Opinion

Published

Clegg’s bank-share giveaway plan needs tweaking

2 Mins

Quite clearly, anyone who takes a punt and buys shares is, well, quite literally taking a punt. If things go well, they make money; if not, they lose their shirts. That’s the deal. 

The thing is, the shareholders previously put their faith in suave, suit wearing, slick talking crooks and bought shares in the hope of making more money. The crooks took the money down the casino, lost most of it (but kept enough to keep them in diamonds and flash cars) before diving at the feet of the nation for a bailout. 

As most people well know, that’s when I believe we should have told them to Foxtrot Oscar. But what’s done is done. 

But how is it right that, instead of losing their investment, the people who backed the wrong horse are still in the race? Sure, the horses have been downgraded, but they should be sticking down envelopes, not racing at Ascot. 

By virtue of the government pumping in billions, the original shares in the bailed-out banks are not the property of those who still hold them. They belong to the nation.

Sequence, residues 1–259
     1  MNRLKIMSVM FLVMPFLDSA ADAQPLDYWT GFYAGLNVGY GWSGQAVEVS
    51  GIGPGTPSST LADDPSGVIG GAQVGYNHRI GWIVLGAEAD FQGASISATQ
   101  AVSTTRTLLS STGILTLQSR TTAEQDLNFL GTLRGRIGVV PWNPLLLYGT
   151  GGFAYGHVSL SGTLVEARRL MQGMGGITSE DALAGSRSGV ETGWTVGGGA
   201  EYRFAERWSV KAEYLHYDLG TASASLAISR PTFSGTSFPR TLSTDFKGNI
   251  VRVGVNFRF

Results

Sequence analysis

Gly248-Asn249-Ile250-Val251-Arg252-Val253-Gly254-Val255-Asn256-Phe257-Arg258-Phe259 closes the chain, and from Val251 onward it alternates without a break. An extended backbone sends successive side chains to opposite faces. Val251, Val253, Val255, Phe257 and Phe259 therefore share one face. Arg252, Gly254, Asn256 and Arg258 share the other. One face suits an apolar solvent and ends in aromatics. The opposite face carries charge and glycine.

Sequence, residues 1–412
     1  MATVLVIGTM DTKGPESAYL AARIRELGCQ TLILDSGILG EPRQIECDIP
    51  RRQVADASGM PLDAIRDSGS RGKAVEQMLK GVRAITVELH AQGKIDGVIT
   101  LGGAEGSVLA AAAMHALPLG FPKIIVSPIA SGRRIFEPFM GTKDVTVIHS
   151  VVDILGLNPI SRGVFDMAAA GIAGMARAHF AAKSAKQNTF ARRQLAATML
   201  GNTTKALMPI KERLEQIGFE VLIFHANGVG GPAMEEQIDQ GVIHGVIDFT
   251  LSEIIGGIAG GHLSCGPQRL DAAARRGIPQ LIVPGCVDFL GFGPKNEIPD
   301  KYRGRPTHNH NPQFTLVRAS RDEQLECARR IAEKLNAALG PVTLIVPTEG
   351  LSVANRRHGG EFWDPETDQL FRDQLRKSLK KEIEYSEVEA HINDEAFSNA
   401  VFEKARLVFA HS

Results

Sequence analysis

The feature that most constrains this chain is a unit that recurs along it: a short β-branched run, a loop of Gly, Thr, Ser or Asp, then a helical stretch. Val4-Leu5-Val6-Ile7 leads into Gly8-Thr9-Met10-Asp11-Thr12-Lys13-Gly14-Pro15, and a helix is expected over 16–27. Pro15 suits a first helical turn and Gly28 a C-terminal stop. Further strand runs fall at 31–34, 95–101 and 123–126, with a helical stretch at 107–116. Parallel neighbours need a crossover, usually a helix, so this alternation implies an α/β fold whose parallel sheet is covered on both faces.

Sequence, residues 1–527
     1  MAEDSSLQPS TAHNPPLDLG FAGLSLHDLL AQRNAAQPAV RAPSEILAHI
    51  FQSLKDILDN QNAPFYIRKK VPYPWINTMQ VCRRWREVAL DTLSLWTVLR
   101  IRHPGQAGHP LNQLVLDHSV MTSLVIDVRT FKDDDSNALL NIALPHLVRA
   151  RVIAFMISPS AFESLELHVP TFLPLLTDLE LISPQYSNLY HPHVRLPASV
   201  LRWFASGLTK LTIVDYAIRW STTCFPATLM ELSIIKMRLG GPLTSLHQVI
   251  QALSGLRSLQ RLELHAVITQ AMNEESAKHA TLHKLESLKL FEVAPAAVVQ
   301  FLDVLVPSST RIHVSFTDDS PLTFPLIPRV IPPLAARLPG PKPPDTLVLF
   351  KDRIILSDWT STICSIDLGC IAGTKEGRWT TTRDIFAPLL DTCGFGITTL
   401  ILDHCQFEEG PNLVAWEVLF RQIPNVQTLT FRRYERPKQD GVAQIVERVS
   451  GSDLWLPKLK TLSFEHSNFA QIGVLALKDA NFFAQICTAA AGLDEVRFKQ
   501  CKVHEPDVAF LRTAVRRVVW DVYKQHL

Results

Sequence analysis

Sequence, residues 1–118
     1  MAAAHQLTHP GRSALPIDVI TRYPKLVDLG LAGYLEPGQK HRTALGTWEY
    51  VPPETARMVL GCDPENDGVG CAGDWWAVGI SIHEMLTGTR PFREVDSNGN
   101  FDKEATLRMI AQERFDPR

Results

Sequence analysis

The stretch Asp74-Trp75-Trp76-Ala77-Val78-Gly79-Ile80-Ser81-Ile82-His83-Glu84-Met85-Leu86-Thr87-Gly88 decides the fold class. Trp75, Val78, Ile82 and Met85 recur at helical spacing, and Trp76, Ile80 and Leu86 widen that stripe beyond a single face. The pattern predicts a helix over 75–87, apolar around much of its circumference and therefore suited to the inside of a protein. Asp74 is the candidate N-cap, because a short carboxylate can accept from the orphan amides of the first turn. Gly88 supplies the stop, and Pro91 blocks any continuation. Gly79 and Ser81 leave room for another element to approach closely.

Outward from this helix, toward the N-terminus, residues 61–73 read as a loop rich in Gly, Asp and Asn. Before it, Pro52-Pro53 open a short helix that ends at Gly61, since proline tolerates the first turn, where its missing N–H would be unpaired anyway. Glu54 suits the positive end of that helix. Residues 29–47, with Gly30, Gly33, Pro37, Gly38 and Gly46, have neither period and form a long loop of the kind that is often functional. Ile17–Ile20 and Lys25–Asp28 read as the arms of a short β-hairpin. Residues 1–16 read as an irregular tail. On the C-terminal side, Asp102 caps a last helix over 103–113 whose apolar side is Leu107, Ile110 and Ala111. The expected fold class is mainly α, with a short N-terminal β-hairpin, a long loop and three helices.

So, I hope when the deputy prime minister puts forward his plan, it won’t be diluted by so-called “existing shareholders”. 

Maybe the government should consider using the Proceeds of Crime Act (2002) to repossess billions of shares that should not exist. 

And there’s one more thing: Clegg wants to issue the new shares to all voters. I strongly disagree. It’ll be complicated, but surely equal portions should be given to all those who have made a reasonable contribution to the economy through the tax system rather than just stretched out their hands like a banker? 

Share this story

Idea of the week: the DNA suit
Iceland founder Malcolm Walker attempting buy-back
Send this to a friend